Introduction to MATLAB
MATLAB stands for Matrix Laboratory. It is a high-performance language that is used for technical computing. It was developed by Cleve Molar of the company MathWorks.Inc in the year 1984.It is written in C, C++, Java. It allows matrix manipulations, plotting of functions, implementation of algorithms and creation of user interfaces.
Getting started with MATLAB:
It is both a programming language as well as a programming environment. It allows the computation of statements in the command window itself.
- Command Window:
In this window one must type and immediately execute the statements, as it requires quick prototyping. These statements cannot be saved. Thus, this is can be used for small, easily executable programs.
- Editor (Script):
In this window one can execute larger programs with multiple statements, and complex functions These can be saved and are done with the file extension ‘.m ‘
In this window the values of the variables that are created in the course of the program (in the editor) are displayed.
This window displays the exact location(path) of the program file being created.
MATLAB Library comes with a set of many inbuilt functions. These functions mostly perform mathematical operations like sine, cosine and tangent. They perform more complex functions too like finding the inverse and determinant of a matrix, cross product and dot product
Although MATLAB is encoded in C, C++ and Java, it is a lot easier to implement than these three languages. For example, unlike the other three, no header files need to be initialised in the beginning of the document and for declaring a variable, the data type need not be provided. It provides an easier alternative for vector operations. They can be performed using one command instead of multiple statements in a for or while loop.
Some of the basic functions in MATLAB and their uses are listed below:
|disp()||The values or the text printed within single quotes is displayed on the output screen|
|clear||To clear all variables|
|close all||To close all graphics window|
|clc||To clear the command window|
|exp(x)||To compute the exponential value of x to the base e|
|abs(x)||To compute the absolute value of x|
|sqrt(x)||To compute the square root of x|
|log(x)||To compute the logarithmic value of x to the base e|
|log10(x)||To compute the logarithmic value of x to the base 10|
|rem(x, y)||To compute the remainder of x/y|
|sin(x)||To compute the sine of x|
|cos(x)||To compute the cosine of x|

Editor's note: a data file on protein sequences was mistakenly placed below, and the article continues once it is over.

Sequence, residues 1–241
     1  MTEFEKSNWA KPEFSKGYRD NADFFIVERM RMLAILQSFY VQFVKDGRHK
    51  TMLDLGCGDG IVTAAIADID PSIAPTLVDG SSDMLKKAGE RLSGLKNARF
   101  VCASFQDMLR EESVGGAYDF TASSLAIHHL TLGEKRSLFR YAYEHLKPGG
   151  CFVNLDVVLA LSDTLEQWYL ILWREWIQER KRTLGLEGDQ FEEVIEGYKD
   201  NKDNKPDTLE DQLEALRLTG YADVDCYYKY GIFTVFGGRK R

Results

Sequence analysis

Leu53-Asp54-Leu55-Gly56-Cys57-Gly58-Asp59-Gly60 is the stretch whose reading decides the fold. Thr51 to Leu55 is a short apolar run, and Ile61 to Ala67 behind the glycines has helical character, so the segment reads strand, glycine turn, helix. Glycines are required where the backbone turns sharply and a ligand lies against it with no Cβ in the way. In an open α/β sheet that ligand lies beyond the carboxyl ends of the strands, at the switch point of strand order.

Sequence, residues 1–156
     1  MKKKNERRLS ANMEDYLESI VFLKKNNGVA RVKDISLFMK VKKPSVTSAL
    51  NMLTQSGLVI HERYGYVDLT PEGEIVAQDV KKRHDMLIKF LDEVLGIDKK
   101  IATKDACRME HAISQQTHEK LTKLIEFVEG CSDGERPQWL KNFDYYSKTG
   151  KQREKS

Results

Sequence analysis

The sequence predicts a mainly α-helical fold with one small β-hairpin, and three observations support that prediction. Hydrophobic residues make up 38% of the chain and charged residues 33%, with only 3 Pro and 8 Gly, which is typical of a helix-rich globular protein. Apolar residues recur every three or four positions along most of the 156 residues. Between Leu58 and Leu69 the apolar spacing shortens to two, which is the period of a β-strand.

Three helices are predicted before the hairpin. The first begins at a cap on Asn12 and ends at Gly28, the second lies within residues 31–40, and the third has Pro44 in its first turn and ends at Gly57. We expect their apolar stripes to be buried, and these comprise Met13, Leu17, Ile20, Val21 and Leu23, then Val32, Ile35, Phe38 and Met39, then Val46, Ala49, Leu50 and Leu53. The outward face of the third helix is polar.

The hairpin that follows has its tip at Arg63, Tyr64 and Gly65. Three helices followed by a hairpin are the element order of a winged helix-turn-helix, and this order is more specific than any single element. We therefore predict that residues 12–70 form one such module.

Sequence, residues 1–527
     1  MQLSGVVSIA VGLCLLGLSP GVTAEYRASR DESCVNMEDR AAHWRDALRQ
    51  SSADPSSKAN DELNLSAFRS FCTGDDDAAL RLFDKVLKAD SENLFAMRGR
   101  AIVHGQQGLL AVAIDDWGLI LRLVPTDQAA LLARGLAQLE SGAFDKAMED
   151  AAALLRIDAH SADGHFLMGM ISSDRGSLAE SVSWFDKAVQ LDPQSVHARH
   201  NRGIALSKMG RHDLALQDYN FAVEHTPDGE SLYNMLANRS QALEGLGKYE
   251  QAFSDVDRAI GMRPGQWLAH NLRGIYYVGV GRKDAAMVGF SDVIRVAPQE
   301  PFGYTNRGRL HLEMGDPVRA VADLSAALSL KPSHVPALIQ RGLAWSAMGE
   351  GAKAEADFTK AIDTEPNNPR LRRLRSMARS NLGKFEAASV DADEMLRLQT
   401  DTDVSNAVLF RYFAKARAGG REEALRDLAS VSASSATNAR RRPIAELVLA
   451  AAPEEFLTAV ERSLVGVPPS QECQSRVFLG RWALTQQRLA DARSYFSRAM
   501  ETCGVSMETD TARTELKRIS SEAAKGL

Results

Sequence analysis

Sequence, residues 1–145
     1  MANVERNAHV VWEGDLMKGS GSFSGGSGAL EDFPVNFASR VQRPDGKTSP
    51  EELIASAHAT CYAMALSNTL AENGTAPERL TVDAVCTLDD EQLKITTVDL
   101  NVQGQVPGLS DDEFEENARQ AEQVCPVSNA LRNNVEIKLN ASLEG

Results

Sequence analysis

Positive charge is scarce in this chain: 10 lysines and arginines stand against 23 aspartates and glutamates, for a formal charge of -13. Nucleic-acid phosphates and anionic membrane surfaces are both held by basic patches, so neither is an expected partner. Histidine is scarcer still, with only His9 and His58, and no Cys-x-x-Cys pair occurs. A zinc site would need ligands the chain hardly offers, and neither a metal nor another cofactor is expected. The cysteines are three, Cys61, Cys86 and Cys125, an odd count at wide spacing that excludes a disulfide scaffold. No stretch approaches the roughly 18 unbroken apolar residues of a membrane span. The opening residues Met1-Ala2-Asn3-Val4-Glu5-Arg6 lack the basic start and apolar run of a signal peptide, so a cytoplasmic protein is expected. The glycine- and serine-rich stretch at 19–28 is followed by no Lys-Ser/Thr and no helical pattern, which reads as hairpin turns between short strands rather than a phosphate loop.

|tan(x)||To compute the tangent of x|
|atan2(x, y)||To compute the arctangent or inverse of y/x|
Writing a MATLAB program:
- Using Command Window:
Only one statement can be typed and executed at a time. It executes the statement when the enter key is pressed. This is mostly used for simple calculations.
Note: ans is a default variable created by MATLAB that stores the output of the given computation.
- Using Editor:
Multiple lines of code can be written here and only after pressing the run button (or F5) will the code be executed. It is always a good practice to write clc, clear and close all in the beginning of the program.
Note: Statements ending with a semicolon will not be displayed in the command window, however, their values will be displayed in the workspace.
Any statement followed by % in MATLAB is considered as a comment
- Vector Operations:
Operations such as addition, subtraction, multiplication and division can be done using a single command instead of multiple loops
We can also extract separate rows and columns by using the colon(:) operator. Consider a matrix A of size 3X3. The following commands can be used to extract rows and columns from Matrix A
|A(:, n)||To extract the elements of all rows in column n of the matrix|
|A(m, : )||To extract the elements of all columns in row m of the matrix|
|A(:, m:n)||To extract the elements of all rows between columns m and n of the matrix|
|A(m:n, : )||To extract the elements of all columns between rows m and n of the matrix|
|A(p:q, m:n)||To extract the elements of rows between p and q and columns between m and n of the matrix|
|A(m, n)||To extract the elements of row m and column n|
Plotting in MATLAB:
The MATLAB graphics system consists of high-level commands for two-dimensional and three-dimensional data visualization, image processing, animation, and presentation graphics. It also includes low-level commands that allows to fully customize the appearance of graphics as well as to build complete Graphical User Interfaces.
Given below is a code for plotting a Parabola:
x = 0:0.5:10;
%Indicates that x varies from 0 to 10 with intervals of 0.5
y = x>^2;
%Indicates that square of each element in x is stored in y
plot(x, y)%plotting x and y xlabel(X)%naming x axis as x ylabel(Y)%naming y axis as y title('Graph of y=x^2')%Title of the graph
This code will give the following graph:
You can change the color of the graph by adding another statement in the plot command. For example, plot(x, y, ‘r’) will give the graph line in red.
Graphs such as sine, cosine and other trigonometric functions’ curve can also be plotted. The code for sine curve is given below:
x = 0:pi/100:2*pi; y = sin(x);
plot(x, y, ‘g’)%Will give the graph line in green.
In conclusion, MATLAB is a very user friendly language and it is also easy to understand.It’s library is equipped with functions that help us perform a variety of mathematical functions.